Grass: Calamagrostis acutiflora ‘Karl Foerster’
Need to know: Feather reed grass does well in most areas (USDA zones 3 to 9; find your zone), and grows tall rather than wide, making it a good choice for small spaces.
Grass: Mexican feather grass (Nassella tenuissima)
Need to know: Mexican feather grass is extremely drought-tolerant and hardy in zones 6 to 10, but is identified as a highly invasive species in California and Oregon. Mexican feather grass reseeds, so it may need to be pulled out in places you don’t want it to spread. If you live in California, the University of California Master Gardener Programrecommends as alternatives California native blue grama grass (Bouteloua gracilis ‘Blonde Ambition’), California native prairie dropseed (Sporobolus airoides), Mexican deer grass (Muhlenbergia dubia) or pink muhly grass(Muhlenbergia capillaris, especially ‘White Cloud’).
Grass: Little bluestem
Need to know: Little bluestem is an incredibly hardy (zones 2a to 9b) and easy-to-care-for plant, native to all of North America except Alaska, Oregon, Nevada, Prince Edward Island, Newfoundland and the Canadian territories. Little bluestem is very drought-tolerant and grows well from seed.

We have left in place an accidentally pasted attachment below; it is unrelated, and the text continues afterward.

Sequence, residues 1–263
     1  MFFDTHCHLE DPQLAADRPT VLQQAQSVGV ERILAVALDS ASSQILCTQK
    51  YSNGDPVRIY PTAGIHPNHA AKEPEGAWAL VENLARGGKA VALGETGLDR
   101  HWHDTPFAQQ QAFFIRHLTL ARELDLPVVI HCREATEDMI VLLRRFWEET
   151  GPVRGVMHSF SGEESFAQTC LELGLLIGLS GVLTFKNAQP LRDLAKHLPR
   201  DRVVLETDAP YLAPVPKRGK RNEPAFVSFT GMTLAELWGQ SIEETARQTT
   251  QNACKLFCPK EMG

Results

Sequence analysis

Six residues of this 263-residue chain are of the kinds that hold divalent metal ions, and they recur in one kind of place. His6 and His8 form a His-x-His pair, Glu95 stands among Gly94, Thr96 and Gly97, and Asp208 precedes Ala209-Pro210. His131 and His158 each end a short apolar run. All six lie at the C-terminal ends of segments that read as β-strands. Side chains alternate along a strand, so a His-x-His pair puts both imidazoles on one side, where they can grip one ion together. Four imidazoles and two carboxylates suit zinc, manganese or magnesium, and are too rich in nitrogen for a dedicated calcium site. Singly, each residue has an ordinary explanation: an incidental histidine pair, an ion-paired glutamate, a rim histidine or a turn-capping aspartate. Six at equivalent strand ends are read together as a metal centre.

Grass: Pennisetum ‘Fairy Tails’
Need to know: Unlike other varieties of purple fountain grass, Pennisetum ‘Fairy Tails’ does not seed, and so is not considered invasive in California (two other noninvasive varieties ofPennisetum are ‘Rubrum’ and ‘Fireworks’). Purple fountain grass is perennial in zones 8b to 11.
Grass: Pink muhly grass, Muhlenbergia capillaris
Need to know: Native to the East Coast of the United States, pink muhly grass clumps, so it will not invade other planting beds. Hardy in zones 7 to 9.
Grass: California meadow sedge (Carex pansa)
Need to know: Carex pansa is a species of sedge native to the west coast of North America, spanning from California to British Columbia, and thrives in that area. For other parts of the U.S., the Brooklyn Botanic Garden recommends Texas native Carex perdentata; Catlin sedge (Carex texensis), hardy to Zone 6; Pennsylvania sedge Carex pensylvanica, native to the eastern and central United States; and Carex senta, known as Baltimore sedge, native to the eastern United States.